I mention briefly in the intro to the pattern instructions about adding a lining and here’s how to do it. You can use any thin material; I like cotton because of its breathability. If you did a mock-up of your dress (and you should), you can even use the same pieces, providing you did not have to alter them beyond use.
I usually do the neck and sleeves after the bodice is built, as they are a bit easier before the skirt and zipper are added, but you can also put the whole thing in at the end.
1. Preparing your pieces
To start, check that your lining pieces have the same seam allowance as your dress pieces. Sew the bodice front and backs together shoulder and side seams, and attach the sleeves but do not hem them.
2. The Neck Edge
How your lining attaches depends on how your neck edge is being finished off.
Finishing the edge with a satin stitch?
(You can do this step now, or at the end) Press over the seam allowance at the neck edge of your lining, but press over a 1/4″ in from the neckline (so if you have 1/2″ of seam allowance at the neck, you’ll press over 3/4″). Pin the lining to the inside of the dress, so the lining sits 1/4″ in from the edge. Slip-stitch the lining to the dress. You can stitch it to the fabric if it is textured, like velvet. Otherwise, carefully attach it to the satin stitching (see picture below). Stop stitching 1.5″ away from the center-back seam line.
Finishing the neck edge with a collar?
(You can do this step now, or at the end) Follow the instructions above for finishing with a satin stitch, except that you can press the lining seam allowance right on the neck line, rather than 1/4″ in. When pinned and stitched, the lining should line up with the neck edge line instead of being 1/4″ below, as directed above. I don’t have a picture of this, but it’s fairly similar to the instructions above.
Finishing the edge by turning the seam allowance under?
Pin the lining to the dress at the neck edge with right sides together. Stitch along the neckline. Clip seam allowance and turn lining towards the inside. Press the seam. If desired, stitch 1/4″ away from the edge (see picture below). Stop stitching 1.5″ away from the center-back seam line. For the dress below, I topstitched a small facing to the neck edge of my lining first, so the white wouldn’t peak out the top.
Adding a lining after construction?
Follow the steps above for finishing with a satin stitch or with a collar, whichever is applicable. If you don’t have a collar, use the satin-stitching method, so the facing stays away from the edge. See step 5 (center back) before stitching all the way to the zipper.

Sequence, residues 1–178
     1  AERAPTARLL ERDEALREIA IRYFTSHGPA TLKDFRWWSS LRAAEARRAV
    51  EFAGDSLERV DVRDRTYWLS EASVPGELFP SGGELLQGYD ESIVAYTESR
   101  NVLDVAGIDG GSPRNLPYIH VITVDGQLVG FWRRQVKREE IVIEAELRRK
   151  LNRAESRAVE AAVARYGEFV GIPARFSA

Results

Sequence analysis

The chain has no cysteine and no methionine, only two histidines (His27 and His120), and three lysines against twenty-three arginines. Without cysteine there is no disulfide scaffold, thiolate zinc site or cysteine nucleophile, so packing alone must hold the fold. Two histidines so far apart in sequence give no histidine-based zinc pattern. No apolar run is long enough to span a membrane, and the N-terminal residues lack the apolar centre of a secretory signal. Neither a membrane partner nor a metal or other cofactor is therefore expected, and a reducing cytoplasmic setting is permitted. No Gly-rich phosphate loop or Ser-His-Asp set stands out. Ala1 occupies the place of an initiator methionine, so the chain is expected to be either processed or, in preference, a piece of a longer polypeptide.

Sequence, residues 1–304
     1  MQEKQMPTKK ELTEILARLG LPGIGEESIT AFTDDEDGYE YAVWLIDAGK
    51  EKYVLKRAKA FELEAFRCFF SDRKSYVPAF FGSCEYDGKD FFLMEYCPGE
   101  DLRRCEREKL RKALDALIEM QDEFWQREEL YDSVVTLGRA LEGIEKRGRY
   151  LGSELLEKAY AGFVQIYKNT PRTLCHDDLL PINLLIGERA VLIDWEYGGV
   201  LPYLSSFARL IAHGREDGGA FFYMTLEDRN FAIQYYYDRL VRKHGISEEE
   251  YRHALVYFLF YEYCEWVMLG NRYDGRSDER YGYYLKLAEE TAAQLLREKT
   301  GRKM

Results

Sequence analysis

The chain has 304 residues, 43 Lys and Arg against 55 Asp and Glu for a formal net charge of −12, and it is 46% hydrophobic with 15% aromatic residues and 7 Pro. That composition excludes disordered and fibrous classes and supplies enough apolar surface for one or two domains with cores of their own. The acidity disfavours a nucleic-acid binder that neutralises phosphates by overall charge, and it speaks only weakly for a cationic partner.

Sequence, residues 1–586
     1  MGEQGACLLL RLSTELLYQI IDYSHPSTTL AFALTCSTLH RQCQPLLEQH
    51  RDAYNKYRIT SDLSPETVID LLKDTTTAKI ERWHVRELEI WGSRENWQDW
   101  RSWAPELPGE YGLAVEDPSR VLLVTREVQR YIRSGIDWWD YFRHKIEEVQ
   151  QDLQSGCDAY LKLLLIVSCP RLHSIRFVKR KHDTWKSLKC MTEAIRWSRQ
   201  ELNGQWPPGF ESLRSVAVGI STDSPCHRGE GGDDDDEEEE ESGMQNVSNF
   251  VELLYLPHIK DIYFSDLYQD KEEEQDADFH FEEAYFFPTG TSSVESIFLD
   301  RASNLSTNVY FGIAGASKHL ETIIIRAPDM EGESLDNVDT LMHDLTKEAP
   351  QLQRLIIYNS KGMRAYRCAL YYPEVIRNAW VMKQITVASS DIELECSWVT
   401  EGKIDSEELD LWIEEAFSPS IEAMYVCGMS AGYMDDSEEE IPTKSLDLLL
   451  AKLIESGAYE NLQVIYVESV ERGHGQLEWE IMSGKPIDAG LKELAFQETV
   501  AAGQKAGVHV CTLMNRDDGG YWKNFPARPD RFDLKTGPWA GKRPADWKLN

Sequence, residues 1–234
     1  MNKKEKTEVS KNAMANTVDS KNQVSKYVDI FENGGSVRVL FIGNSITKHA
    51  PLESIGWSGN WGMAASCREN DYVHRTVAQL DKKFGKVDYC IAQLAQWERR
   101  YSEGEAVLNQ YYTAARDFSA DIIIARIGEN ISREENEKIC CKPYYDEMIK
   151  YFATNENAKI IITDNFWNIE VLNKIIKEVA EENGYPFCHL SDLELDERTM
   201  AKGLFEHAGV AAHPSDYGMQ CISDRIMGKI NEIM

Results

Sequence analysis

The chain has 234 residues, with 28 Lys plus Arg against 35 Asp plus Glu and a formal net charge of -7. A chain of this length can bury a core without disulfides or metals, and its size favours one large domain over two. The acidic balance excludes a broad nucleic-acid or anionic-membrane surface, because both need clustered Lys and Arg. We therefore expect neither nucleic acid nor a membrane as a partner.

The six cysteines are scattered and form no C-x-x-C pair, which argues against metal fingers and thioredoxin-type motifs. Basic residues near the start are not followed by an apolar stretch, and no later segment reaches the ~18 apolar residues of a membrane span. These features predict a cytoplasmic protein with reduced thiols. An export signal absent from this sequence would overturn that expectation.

If your sleeves aren’t sewn into their respective bodices, do that now. Hem your dress sleeves (but not the linings). Press the hem of the sleeve linings up 1/2″ shorter than the original hem, and slip-stitch the lining down 1/2″ away from the hem edge.
4. You’ll now continue on with the regular instructions, making your skirt, sewing the dropped waist seam, putting in your zipper, and everything else until the dress is finished. I would even sew on any cape velcro you have to add to the dress now. Make sure your lining stays out of the zipper and dropped-waist seam.
5. The Dropped Waist Seam
Press the seam allowance up along the bottom edge of your bodice lining. Pin the folded edge right along the dropped waist stitching line (you can see the stitching line in the picture, where I’ve pulled the lining up a bit). To ensure your lining isn’t too tight up and down, have your dancer try it on quick, or put it on a dress form. If your dress fabric is loose and bubbling, the lining might be too short and tight. Re-press the lining 1/4″ down to loosen it up. Slip-stitch the lining to the inside of the dropped waist seam, stopping your stitching 1.5″ away from the center back.
6. The Center Back
Press over the center-back seam allowance 1/4″ away from the seam line. Pin the folded edge to the inside of the zipper, 1/4″ away from the edge. If you stitched the zipper on 1/4″ away from the edge, you can use the stitching as a handy guide. Slip-stitch the lining to the inside of the zipper, and finish off the small gaps in stitching at the back of the neck and dropped-waist seam.
Your dress is now beautifully lined. Linings not only catch sweat, but they also make the dress more comfortable. Enjoy!